Much Ado About Publishing

Episode One: Dr. Roxanna Pebdani

Roxanna Nasseri Pebdani, (PhD, CRC, SFHEA) is Director of Participation Sciences in the Sydney School of Health Sciences. She holds a bachelor’s degree in Psychology from the American University of Paris, a master’s degree in Rehabilitation Counselling from Syracuse University, and a Ph.D. in Counsellor Education from the University of Maryland. She completed a Post-Doctoral Fellowship at the University of Washington. She has been at the University of Sydney since July 2018.

Dr. Pebdani’s work with Taylor & Francis

Pandemic productivity in academia: using ecological momentary assessment to explore the impact of COVID-19 on research productivity

The unequal effects of the COVID-19 pandemic and resulting lockdowns on mothers around the world were identified as a concern in the early months of the pandemic.

Featured in Higher Education Research & Development

Rethinking device abandonment: a capability approach focused model

It is estimated that approximately 97 million people in the world have complex communication needs and may benefit from alternative and augmentative communication…

Featured in Augmentative and Alternative Communication

A call to action for disability and rehabilitation research using a DisCrit and Disability Justice framework

Disability and ableism exist within a societal context that does not ignore the many facets of a person’s identity, however often our disability research does not recognize how experiences vary…

Featured in Disability and Rehabilitation

Roxy’s Favorite Articles and Researchers

Rehabilitation science has, for years, endorsed a connection between quantitative research and the philosophical assumptions of positivism. These assumptions can limit the scope of rehabilitation research, particularly in relation to matters of equity, diversity, and inclusivity.

The use of disability language in academic scholarship has changed significantly over the past several years. Although it would be helpful to have concrete guidelines and rules that could generalize across situations regarding disability terminology, language itself is a phenomenon that evolves and varies over time in response to cultural shifts.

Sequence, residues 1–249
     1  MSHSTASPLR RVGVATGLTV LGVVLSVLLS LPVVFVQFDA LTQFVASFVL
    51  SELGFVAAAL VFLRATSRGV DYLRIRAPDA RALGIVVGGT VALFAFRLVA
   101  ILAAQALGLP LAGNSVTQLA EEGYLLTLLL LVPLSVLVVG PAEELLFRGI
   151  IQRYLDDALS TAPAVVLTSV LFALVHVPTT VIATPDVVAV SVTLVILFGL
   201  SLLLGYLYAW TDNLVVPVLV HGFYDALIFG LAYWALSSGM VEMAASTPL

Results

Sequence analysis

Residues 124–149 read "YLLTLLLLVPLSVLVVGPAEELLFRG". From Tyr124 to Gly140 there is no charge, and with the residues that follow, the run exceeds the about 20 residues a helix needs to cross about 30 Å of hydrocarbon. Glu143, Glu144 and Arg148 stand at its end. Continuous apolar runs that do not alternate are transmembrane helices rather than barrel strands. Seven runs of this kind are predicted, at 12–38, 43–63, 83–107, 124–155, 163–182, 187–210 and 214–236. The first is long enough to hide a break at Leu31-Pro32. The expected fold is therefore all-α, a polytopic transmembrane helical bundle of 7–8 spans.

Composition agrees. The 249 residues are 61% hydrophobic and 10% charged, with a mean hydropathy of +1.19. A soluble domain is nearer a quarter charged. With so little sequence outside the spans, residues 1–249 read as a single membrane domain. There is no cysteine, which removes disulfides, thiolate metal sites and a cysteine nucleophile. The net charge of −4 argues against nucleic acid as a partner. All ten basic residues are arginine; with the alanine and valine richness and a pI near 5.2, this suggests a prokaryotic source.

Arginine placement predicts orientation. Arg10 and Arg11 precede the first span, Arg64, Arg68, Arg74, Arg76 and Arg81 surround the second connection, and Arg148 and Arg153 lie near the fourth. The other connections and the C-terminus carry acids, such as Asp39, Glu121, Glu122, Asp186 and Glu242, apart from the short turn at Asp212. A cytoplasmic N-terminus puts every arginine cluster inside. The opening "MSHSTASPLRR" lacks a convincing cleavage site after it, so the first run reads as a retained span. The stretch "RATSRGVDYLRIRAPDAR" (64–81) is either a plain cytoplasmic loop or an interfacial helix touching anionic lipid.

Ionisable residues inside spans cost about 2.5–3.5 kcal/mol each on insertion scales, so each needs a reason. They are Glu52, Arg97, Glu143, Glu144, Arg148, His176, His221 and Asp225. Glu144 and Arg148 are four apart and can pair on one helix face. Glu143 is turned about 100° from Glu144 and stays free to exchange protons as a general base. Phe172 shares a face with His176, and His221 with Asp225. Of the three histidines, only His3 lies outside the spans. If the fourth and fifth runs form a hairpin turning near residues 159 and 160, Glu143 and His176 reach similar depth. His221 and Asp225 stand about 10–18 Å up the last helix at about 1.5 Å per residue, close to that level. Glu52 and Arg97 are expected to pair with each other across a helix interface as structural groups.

In this article, we address the limitations of existing implicit bias interventions as a strategy for achieving maternal health equity. We then focus on how institutionally sanctioned racial stereotyping harms Black maternal health and marginalizes a key group in the fight for health equity—Black physicians. Finally, we provide strategies to address racial bias in perinatal health care and structural barriers impeding Black physicians’ success.

This paper follows up on qualitative interviews conducted with British disabled people in 1994–6, exploring
how people’s lives and relationships have changed over twenty years (n = 8). The themes include imagery
and identity, access to relationships, social context and attitudes. Ageing brought greater self-acceptance,
and also lower salience of impairment…

In the realm of sexuality and disability there is public discourse on deviance and inappropriate behavior, abuse and victimization, asexuality, gender and orientation with regard to women, and reproductive issues in women and men. However, there seems to be a missing discourse of pleasure.

Dr. Pebdani would love to give a shout out to various colleagues and coworkers as they played pivotal roles in her career.

Kurt Johnson

Jim Bellini

Mel Keep

Ryan Naylor

Josh Burns

What Roxy is reading right now:

Remarkably Bright Creatures by Shelby Van Pelt

Remarkably Bright Creatures, an exploration of friendship, reckoning, and hope, tracing a widow’s unlikely connection with a giant Pacific octopus.

After Tova Sullivan’s husband died, she began working the night shift at the Sowell Bay Aquarium, mopping floors and tidying up. Keeping busy has always helped her cope, which she’s been doing since her eighteen-year-old son, Erik, mysteriously vanished on a boat in Puget Sound over thirty years ago.

Tova becomes acquainted with curmudgeonly Marcellus, a giant Pacific octopus living at the aquarium. Marcellus knows more than anyone can imagine but wouldn’t dream of lifting one of his eight arms for his human captors–until he forms a remarkable friendship with Tova.

Ever the detective, Marcellus deduces what happened the night Tova’s son disappeared. And now Marcellus must use every trick his old invertebrate body can muster to unearth the truth for her before it’s too late.

Shelby Van Pelt’s debut novel is a gentle reminder that sometimes taking a hard look at the past can help uncover a future that once felt impossible.

Cover of the book Remarkably Bright Creatures by Shelby Van Pelt.